Landowners play the most crucial role in the maintenance and preservation of the Greenbrier River Watershed. There are many factors affecting the watershed including climate, physical features, karst, soil, vegetative cover, land usage, and pollution. Every one of these factors affects a landowner, whether it be the contour of the land, the type of vegetation found on the property, or access to clean water. The activities of each individual landowner have direct effects upon the watershed, and it is the responsibility of the landowner to be a good steward of the property.
Pollution is a major problem facing landowners. The are many sources of pollution, including pollution from sediments, organic wastes, excessive nutrients, and toxic substances from industrial and urban activities. Sediment pollution results when the sediment load in a body of water exceeds that of natural conditions. This occurs where development has stripped away the vegetation, creating highly eroded areas. Poor logging practices, construction sites, sand and gravel pits, agricultural lands, urban areas, unpaved roads, and eroding roadsides can also contribute to sediment pollution. Sediment pollution dramatically impacts water resources by filling in cracks between rocks and logs, creating poor habitats and eventually smothering aquatic insect life important for fish.
Organic pollution comes mainly from human activities, including sewers (or lack there of) and farming. Large accumulations of organic wastes use large amounts of oxygen, leaving little oxygen for fish and aquatic insects. Less desirable organisms, like some fly larvae and worms, may become abundant in low oxygen waters.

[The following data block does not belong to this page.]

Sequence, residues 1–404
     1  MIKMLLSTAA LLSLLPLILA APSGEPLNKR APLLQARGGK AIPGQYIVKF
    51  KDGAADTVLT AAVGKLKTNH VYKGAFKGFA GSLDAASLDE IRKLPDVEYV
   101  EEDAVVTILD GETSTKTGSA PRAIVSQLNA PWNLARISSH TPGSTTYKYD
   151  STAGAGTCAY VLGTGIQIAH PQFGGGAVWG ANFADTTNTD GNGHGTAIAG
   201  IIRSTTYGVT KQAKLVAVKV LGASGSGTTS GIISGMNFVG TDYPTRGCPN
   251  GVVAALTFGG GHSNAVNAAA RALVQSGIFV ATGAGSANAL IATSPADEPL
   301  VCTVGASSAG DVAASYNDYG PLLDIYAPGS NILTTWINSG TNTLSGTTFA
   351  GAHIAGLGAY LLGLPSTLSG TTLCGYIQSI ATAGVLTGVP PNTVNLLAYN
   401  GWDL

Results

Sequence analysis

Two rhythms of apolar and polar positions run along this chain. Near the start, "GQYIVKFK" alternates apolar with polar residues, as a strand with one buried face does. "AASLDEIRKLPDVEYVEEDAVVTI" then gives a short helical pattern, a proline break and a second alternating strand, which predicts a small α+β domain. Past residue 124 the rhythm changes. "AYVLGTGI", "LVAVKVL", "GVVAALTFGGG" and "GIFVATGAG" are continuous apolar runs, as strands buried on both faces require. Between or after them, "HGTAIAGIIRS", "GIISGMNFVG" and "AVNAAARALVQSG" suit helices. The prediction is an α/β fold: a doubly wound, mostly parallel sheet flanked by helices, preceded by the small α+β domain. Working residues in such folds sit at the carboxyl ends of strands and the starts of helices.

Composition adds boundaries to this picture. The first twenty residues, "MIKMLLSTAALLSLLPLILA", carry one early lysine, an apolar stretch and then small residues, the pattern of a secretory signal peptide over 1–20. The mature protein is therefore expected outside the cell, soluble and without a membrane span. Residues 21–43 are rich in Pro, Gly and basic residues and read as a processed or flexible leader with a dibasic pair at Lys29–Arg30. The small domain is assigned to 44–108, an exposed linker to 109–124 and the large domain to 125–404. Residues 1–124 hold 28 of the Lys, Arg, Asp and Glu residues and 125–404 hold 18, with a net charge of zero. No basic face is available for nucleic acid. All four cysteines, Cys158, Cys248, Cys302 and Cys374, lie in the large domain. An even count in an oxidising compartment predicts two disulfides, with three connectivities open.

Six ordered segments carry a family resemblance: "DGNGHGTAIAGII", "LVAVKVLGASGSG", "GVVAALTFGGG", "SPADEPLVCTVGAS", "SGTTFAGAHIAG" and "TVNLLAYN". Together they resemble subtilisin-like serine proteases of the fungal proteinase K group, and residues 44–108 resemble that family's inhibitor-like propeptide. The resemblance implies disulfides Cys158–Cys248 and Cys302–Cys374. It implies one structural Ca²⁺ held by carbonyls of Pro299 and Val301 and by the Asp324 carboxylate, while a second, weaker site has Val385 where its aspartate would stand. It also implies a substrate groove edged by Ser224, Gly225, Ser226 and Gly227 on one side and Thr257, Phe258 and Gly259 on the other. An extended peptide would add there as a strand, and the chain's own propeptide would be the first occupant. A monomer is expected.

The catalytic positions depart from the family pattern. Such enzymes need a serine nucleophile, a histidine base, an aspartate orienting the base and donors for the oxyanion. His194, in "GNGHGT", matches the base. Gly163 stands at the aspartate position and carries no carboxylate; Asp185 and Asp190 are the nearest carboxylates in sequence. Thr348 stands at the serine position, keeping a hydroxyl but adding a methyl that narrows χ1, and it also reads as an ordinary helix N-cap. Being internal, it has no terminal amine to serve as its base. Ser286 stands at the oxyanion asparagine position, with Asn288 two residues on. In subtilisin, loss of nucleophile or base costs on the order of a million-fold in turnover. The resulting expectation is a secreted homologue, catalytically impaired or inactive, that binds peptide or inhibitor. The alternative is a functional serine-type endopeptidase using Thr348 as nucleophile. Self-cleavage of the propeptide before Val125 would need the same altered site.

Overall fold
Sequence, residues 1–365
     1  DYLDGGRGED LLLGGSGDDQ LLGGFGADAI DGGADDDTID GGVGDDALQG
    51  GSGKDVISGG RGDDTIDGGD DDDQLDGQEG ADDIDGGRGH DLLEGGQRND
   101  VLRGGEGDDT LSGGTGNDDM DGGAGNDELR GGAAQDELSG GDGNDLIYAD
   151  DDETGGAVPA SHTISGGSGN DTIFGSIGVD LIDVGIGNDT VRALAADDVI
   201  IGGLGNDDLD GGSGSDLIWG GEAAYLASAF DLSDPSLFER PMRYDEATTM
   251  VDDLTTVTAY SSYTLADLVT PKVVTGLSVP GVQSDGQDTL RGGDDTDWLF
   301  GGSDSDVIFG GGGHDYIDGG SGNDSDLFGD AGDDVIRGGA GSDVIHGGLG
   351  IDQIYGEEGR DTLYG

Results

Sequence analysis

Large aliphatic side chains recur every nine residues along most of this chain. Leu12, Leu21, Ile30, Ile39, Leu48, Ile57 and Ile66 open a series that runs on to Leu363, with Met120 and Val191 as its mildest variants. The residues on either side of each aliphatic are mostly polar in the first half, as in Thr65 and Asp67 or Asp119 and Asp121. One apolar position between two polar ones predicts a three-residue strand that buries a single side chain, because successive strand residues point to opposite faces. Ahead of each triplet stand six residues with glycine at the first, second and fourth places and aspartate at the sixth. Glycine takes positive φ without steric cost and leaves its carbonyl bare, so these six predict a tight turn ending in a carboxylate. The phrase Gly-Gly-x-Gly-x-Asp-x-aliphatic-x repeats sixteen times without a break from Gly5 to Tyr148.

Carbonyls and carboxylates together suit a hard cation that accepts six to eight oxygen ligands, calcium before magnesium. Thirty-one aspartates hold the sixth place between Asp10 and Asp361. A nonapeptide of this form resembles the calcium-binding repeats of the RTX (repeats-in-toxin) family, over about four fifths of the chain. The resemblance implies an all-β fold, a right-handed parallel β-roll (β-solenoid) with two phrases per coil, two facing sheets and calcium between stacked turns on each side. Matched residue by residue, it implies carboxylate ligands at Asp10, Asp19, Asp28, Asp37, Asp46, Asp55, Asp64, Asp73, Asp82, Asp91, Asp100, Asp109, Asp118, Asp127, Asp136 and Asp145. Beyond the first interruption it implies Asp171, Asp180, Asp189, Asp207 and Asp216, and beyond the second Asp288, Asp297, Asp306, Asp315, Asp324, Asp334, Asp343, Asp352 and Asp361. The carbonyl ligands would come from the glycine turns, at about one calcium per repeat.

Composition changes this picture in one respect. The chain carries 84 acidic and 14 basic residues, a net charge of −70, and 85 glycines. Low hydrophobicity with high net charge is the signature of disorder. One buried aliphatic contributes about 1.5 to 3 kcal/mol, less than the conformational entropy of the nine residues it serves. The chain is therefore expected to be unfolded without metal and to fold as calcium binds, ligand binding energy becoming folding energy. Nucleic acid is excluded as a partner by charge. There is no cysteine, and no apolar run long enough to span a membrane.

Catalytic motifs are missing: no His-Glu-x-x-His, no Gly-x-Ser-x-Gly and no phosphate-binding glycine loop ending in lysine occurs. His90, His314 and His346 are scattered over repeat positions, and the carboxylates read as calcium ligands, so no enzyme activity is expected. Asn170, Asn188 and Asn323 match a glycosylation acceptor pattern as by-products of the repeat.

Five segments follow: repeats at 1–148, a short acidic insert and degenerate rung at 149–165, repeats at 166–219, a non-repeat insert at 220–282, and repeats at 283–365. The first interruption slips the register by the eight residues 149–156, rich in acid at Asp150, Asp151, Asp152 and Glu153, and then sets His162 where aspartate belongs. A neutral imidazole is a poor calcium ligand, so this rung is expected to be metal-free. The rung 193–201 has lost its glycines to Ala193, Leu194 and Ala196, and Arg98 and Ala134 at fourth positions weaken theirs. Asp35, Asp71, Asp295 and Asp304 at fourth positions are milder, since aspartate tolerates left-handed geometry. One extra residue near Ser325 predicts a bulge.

Nutrient pollution is a third type of pollution. Too much nitrogen and phosphorus can result in excessive growth of aquatic vegetation and algae. An algal bloom blankets the water's surface and can produce odors and problems within the drinking water supply. Algal blooms deplete the oxygen supply in the water as it decomposes.
Finally, toxic substances can enter the water through industrial and municipal wastewater discharges, storm drains, agricultural and urban land runoff, and from leaching of waste materials dumped in the area. Toxic substances have the potential to impair or kill aquatic life, reducing the numbers and diversity of species, and thereby disrupting the natural aquatic community.
There are a variety of signs for spotting pollution. Landowners along the river often are the first to spot pollution in the water. Signs of water pollution include things as simple as muddy water, algal blooms, and water discoloration to bad taste and odors. For further information on how to determine the overall well being of your land and water, contact the Greenbrier River Watershed Association and let us help at at (304)-647-4792 or email us at email@example.com